Look toward Denmark for glimpse at our future
Editor of the Reformer:
I would like to thank Senator Bernie Sanders for bringing the Danish ambassador, Peter Taksøe-Jensen, to speak in Brattleboro. There are several reasons why this is important.
One is that Denmark illustrates the reality that Vermont (which in America is regarded as a progressive, socially advanced state) is actually harsh and socially limited, although not nearly as regressive as the vast majority of U.S. states. Second, within the European Union, Denmark is not unique. What ambassador Taksøe-Jensen said about Denmark could apply to most of Northern and Central Europe at this point -- between 100 and 200 million people. It’s just one example of a group of socially advanced nations, of which the USA is not a member. And to bring it closer to home, every time you click together Lego, use Skype or employ any number of other products and services, you are interacting with the economy of Denmark. Denmark is part of your world.
So, why is the character of daily life in Denmark seemingly beyond any reasonable hopes and dreams for you and me? Why is Denmark’s way of living not part of your world? Why are you condemned to struggle and worry and be satisfied with so little when it comes to health care, child care, education, energy, transportation, working conditions, job security and many other things?
Once upon a time, this question did not come up.
This has all changed now, for complex reasons I don’t have the space here to speculate about, but congratulations to Senator Sanders for setting his sights on the Nordic social model as the direction in which Vermont should move. Vermont’s Democrats and Progressives in the State Legislature appear to have also adopted his vision, and are working very hard to implement a single-payer health care system, smart energy policies, universal day care, mandatory GMO labeling, smart growth, and other policies to at least get Vermont to the on-ramp of what has been called the "Third Way" -- between communism and capitalism. They are heading the right way -- right for our economy, our quality of life, and our environment.
To get out of the unpleasant, exploitive, and frankly dangerous social system we have ended up in, and make significant progress toward the Nordic model, we are going to have to work harder, study harder, increase our faith in one another and in the soundness of this model, and increase our determination to fight the short-sighted corporate interests that would lose so much shareholder value if Vermont (and then other states) broke free of their orbit.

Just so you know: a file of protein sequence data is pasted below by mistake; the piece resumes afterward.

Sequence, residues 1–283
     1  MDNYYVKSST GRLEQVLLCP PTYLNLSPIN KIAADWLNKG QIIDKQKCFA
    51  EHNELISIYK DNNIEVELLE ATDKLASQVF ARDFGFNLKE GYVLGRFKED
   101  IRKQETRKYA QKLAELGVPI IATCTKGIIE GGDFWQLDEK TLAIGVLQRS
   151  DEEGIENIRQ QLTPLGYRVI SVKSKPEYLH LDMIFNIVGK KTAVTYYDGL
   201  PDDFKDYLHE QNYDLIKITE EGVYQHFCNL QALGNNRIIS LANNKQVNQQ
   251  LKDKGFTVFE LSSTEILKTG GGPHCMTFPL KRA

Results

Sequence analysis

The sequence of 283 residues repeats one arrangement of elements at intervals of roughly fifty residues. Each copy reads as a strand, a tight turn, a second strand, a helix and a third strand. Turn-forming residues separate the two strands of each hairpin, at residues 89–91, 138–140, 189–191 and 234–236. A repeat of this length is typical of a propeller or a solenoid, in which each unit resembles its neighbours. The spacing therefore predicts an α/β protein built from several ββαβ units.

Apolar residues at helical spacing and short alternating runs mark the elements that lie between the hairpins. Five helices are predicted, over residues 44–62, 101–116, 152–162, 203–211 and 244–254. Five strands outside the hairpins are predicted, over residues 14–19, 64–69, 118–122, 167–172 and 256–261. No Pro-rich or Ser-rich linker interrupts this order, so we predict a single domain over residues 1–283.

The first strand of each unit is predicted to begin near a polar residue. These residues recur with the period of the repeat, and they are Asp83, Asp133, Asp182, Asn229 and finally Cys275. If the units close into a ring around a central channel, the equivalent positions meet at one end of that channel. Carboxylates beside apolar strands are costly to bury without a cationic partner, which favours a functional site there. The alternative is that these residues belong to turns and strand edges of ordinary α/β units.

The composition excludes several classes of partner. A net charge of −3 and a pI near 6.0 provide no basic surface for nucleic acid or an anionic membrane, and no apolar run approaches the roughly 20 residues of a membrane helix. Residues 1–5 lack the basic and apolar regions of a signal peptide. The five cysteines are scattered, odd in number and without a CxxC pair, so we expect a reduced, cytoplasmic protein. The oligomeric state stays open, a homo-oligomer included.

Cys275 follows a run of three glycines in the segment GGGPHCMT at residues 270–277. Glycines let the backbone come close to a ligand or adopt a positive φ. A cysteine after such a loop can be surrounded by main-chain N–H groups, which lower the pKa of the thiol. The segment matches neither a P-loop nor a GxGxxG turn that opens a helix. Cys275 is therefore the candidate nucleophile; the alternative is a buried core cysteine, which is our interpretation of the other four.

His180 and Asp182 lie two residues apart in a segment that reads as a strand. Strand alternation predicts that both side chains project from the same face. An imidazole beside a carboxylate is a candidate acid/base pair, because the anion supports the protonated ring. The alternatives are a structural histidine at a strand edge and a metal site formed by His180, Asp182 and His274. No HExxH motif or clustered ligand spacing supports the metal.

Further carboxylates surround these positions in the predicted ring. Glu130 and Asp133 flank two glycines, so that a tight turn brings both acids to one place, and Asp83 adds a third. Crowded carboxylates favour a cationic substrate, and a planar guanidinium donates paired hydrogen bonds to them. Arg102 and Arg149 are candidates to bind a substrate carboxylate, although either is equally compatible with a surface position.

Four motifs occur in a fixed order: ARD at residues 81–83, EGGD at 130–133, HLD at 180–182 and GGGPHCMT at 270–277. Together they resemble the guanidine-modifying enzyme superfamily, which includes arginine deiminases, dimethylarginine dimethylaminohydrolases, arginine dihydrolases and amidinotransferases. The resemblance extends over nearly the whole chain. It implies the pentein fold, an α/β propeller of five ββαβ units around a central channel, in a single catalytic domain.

They have enormous resources to keep us in our places. But Denmark exemplifies the prize, and we have to keep our eyes on it.
Brattleboro, May 20
Getting to the bottom of the Grega murder case
Editor of the Reformer:
In following the John Grega case in the newspapers I have come to the one inescapable conclusion possible in this matter, that Mr. Grega is the only person on Earth who knows if he indeed did murder his wife back in 1994 in West Dover. It’s an interesting case with many facets to consider. With no admission of his guilt, no definite proof of who committed the crime, he was convicted based on circumstantial evidence. That’s exactly the way innocent people are put behind bars. Now with the new DNA testing possible literally hundreds of wrongly convicted people are being freed from jail. In Mr. Grega’s case recent testing has now discovered an unknown person’s DNA on the dead woman’s bodily samples.This has created a reasonable doubt of his guilt. Since he was not condemned to death he now has a chance to clear himself, unlike back in the 1940s and ‘50s when the convicted murders went to the electric chair.